It was the warmest September on record for the globe. The first nine months of 2020 were the second warmest on record (after 2016), according to the U.S. National Oceanic and Atmospheric Administration (NOAA).
The 10 warmest Septembers have all occurred since 2005. The seven warmest Septembers have occurred in the last seven years (2014-2020), continuing the long-term warming trend.
The Southern Hemisphere’s land and ocean surface temperature departure from average for September 2020 was the highest on record. Meanwhile, the Northern Hemisphere had its third-warmest September on record. Arctic sea ice extent was the second lowest on record, whilst Antarctic sea ice was above average.
Earlier this month, the Copernicus Climate Change Service operated by the European Centre for Medium Range Weather Forecasts also reported that it was the warmest September on record.
The latest data underline the main conclusion of the recent United in Science report, coordinated by WMO, that climate change has not stopped for COVID-19. Greenhouse gas concentrations in the atmosphere are at record levels and continue to increase. Emissions are heading in the direction of pre-pandemic levels following a temporary decline caused by the lockdown and economic slowdown.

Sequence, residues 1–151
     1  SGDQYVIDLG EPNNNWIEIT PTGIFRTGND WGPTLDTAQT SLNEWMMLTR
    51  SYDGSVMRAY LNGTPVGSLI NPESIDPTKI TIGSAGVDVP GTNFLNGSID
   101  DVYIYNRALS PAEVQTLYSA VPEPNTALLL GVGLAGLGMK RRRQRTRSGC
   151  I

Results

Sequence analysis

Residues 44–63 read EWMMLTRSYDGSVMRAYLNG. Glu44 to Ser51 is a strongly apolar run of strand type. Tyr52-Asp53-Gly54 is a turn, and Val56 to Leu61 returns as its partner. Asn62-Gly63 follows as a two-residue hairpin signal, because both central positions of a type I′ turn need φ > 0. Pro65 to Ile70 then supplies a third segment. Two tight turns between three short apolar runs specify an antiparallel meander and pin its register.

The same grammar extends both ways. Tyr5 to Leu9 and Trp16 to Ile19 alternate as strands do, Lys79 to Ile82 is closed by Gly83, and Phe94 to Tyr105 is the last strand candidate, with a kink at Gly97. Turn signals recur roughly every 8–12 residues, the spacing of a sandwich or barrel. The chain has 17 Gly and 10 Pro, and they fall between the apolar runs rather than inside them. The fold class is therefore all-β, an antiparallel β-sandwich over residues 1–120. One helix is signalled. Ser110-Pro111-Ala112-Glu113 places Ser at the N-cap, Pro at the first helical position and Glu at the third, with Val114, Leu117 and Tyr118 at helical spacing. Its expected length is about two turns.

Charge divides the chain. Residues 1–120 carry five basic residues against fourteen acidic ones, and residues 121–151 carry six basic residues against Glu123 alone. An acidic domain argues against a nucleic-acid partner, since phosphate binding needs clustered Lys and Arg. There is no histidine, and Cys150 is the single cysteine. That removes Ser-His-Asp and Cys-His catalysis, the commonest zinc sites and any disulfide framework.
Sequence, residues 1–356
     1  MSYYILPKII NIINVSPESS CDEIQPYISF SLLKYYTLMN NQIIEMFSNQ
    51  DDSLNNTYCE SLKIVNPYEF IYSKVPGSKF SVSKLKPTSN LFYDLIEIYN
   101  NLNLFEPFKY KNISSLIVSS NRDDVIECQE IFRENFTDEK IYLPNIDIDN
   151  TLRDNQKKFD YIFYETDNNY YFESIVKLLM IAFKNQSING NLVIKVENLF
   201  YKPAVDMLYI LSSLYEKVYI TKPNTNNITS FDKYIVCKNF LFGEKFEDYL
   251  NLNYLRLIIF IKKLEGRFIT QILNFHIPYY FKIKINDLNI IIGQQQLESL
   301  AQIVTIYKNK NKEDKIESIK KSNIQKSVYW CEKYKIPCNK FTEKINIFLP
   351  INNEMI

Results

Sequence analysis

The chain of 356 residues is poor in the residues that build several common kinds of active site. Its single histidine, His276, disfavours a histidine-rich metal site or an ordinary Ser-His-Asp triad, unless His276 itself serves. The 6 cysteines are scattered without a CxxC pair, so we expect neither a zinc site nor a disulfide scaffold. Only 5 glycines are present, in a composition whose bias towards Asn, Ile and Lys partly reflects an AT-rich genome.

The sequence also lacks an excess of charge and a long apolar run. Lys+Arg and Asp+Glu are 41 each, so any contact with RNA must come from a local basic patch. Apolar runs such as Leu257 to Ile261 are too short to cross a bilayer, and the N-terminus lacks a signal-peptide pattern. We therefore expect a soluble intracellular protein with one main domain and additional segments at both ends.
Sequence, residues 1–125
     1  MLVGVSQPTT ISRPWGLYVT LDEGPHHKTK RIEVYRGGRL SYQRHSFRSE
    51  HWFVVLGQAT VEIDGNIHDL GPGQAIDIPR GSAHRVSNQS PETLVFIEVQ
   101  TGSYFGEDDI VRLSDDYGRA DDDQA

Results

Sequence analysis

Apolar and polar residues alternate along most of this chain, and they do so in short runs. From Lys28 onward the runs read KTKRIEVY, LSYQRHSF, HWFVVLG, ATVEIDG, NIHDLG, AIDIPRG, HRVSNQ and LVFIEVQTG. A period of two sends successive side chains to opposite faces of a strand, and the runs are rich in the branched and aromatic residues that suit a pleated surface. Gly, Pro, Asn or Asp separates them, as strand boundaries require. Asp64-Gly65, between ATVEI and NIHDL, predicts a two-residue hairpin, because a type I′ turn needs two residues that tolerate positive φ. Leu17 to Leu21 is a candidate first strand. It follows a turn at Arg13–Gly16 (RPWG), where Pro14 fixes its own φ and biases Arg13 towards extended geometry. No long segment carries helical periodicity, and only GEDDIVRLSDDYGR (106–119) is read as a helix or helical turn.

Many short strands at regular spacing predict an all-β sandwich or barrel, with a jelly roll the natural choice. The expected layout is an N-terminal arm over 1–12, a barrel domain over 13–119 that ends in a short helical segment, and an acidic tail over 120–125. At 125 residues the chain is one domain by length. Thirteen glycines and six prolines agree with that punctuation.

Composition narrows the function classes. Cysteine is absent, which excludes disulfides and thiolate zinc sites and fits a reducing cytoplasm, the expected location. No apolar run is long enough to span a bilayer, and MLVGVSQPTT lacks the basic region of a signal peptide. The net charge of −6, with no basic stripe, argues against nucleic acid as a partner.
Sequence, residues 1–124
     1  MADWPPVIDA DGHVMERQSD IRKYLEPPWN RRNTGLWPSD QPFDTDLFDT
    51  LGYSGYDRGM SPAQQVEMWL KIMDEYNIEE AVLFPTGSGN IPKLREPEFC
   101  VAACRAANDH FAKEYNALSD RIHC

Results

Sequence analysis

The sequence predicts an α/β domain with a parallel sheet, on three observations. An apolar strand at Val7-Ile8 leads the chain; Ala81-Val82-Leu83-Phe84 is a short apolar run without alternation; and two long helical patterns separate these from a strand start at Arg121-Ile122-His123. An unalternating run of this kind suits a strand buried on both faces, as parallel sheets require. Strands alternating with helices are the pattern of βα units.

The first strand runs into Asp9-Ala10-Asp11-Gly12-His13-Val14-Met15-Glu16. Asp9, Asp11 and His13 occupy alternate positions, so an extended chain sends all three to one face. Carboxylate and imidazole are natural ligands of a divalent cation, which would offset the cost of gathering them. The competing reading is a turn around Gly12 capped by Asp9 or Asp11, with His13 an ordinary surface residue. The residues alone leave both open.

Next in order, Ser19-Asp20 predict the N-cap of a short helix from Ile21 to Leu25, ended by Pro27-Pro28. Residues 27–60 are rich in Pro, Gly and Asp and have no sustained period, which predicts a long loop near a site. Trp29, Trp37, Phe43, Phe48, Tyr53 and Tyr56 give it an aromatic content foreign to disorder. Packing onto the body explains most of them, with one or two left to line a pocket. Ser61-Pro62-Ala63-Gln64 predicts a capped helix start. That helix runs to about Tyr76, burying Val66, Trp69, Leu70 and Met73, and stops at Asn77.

“2016–2020 is set to be the warmest five-year period on record. Whilst many aspects of our lives have been disrupted in 2020, climate change has continued unabated,” said WMO Secretary-General, Professor Petteri Taalas in issuing the United in Science report. “The world is not on track to meet agreed targets to keep global temperature increase well below 2 °C or at 1.5 °C above pre-industrial levels.”
The Northern Hemisphere January-September land and ocean surface temperature tied with 2016 as the warmest such period since global records began in 1880, while the Southern Hemisphere had its fourth-warmest such period on record, according to NOAA.
Europe, Asia and the Gulf of Mexico had their warmest January-September period on record. In northern Asia, temperatures were at least 5.4°F (3.0°C) above average. South America and the Caribbean region had a January-September temperature that ranked as the second highest on record.
Meanwhile, cooler-than-average conditions were limited to Alaska, western Canada, northern India and across the southern oceans.